The Central Electricity Regulatory Commission (CERC) recently directed Madhya Pradesh Power Management Company Limited (MPPMCL) and Delhi Metro Rail Corporation (DMRC) to compensate a solar developer for the additional cost incurred due to the imposition of Goods and Services Tax (GST).
The Commission, however, rejected the solar developer’s claim for ‘carrying cost.’
The Commission noted that the introduction of GST laws constituted a ‘Change in Law’ event under the provisions of the power purchase agreement (PPA). It said that the solar developer, Mahindra Renewables, could raise invoices until the commercial operation date (COD) for the supply of goods.
Mahindra Renewables had filed a petition seeking consequential relief for the additional cost incurred due to the introduction of GST.
Rewa Ultra Mega Solar Limited (RUMSL), a joint venture of the Madhya Pradesh Urja Vikas Nigam and the Solar Energy Corporation of India (SECI), had issued a request for proposal to develop 750 MW of grid-connected solar power projects in 2016.
Mahindra Renewables was declared one of the successful bidders. RUMSL issued the letter of intent to develop the project to generate and sell solar power to MPPMCL and DMRC.
The developer signed the PPA with MPPMCL on April 17, 2017, for a guaranteed offtake of 411 MU of solar energy and with DMRC for 115 MU.
The GST laws came into effect on July 01, 2017. The petitioner said that the introduction of GST had resulted in the project cost going up by ₹613.2 million (~$8.24 million). So, the developer sought relief on account of the ‘Change in Law.’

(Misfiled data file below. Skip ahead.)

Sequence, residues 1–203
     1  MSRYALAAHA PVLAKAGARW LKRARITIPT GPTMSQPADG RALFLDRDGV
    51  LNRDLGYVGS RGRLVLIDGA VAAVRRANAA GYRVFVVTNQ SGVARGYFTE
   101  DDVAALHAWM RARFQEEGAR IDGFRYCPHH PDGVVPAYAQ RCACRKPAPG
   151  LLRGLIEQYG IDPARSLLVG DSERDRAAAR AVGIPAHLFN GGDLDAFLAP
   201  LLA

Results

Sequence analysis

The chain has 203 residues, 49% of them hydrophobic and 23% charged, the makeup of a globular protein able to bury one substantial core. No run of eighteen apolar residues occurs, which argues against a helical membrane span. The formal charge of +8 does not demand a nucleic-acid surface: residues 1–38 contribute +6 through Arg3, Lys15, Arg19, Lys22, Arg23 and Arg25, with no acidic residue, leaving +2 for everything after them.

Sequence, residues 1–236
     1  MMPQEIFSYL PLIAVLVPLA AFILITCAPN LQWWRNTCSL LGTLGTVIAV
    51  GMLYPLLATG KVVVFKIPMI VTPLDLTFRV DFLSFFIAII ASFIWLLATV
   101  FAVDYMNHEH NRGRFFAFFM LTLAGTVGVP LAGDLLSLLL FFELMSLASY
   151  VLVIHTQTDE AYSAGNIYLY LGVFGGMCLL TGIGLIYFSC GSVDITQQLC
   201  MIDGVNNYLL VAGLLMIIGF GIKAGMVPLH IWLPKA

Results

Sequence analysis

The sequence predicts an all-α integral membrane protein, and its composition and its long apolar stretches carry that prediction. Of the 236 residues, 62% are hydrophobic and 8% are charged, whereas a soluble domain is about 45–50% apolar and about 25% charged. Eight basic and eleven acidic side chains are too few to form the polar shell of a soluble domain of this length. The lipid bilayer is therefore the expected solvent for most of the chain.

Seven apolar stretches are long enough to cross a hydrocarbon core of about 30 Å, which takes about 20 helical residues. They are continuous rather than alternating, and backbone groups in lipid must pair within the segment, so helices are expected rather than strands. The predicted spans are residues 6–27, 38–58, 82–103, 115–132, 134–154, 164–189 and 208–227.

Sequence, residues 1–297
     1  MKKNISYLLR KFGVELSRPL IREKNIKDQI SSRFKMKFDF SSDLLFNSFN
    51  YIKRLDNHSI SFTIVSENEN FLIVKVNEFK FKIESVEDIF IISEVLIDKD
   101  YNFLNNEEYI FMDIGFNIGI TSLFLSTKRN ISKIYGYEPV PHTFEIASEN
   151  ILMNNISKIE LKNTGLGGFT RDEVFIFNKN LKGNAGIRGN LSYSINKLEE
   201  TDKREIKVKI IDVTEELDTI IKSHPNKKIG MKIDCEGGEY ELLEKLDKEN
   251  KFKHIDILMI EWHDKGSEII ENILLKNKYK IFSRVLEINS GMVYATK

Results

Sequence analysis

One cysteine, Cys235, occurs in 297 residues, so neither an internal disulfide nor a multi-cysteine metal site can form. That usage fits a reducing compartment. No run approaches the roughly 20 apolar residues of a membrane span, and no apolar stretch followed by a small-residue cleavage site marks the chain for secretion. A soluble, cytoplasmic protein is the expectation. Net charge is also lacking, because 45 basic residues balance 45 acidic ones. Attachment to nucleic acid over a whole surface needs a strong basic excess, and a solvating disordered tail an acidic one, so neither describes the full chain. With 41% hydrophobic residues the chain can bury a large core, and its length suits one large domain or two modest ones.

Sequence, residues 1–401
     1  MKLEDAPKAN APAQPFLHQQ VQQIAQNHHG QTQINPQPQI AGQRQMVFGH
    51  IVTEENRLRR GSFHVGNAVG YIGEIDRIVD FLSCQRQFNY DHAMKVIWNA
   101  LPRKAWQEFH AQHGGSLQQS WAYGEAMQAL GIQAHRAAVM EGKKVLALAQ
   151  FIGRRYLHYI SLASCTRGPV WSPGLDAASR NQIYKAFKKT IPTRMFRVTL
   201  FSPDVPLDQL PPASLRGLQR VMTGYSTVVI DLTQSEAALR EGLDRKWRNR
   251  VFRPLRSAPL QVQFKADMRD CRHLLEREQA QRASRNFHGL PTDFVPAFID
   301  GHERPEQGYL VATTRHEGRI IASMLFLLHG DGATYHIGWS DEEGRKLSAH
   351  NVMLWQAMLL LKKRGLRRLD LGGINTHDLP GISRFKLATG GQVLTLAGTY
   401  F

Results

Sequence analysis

While MPPMCL did not oppose the petitioner’s claims under the ‘Change in Law’ clause, it said that the developer’s claim regarding the ‘carrying cost’ was devoid of merit. It also said that the increase in capital cost claimed by the petitioner could not be relied upon without evidence of payment of GST.
The Commission directed Mahindra Renewables to make available to the DISCOM all relevant documents exhibiting a clear correlation between the project and the supply of goods or services.
It directed MPPMCL and DMRC to disburse the compensation within 60 days, failing which a late payment surcharge would have to be paid at the rates provided for in the PPAs.
The Commission held the claim of carrying cost as not admissible because the PPAs did not have a restitution principle of restoration to the same economic position.
The central regulator clarified that there was a possibility of a few services related to goods being completed on the last day of the commercial operation date. Hence, if the supply of services related to goods procured up to the commercial operation date is completed on the last day, the invoices can be raised within 30 days.
In August this year, CERC directed the SECI to compensate a solar developer for the additional cost incurred due to the imposition of GST.
Earlier, in a similar order, CERC had directed SECI to compensate a solar developer for the increase in cost incurred due to the imposition of GST and safeguard duty.
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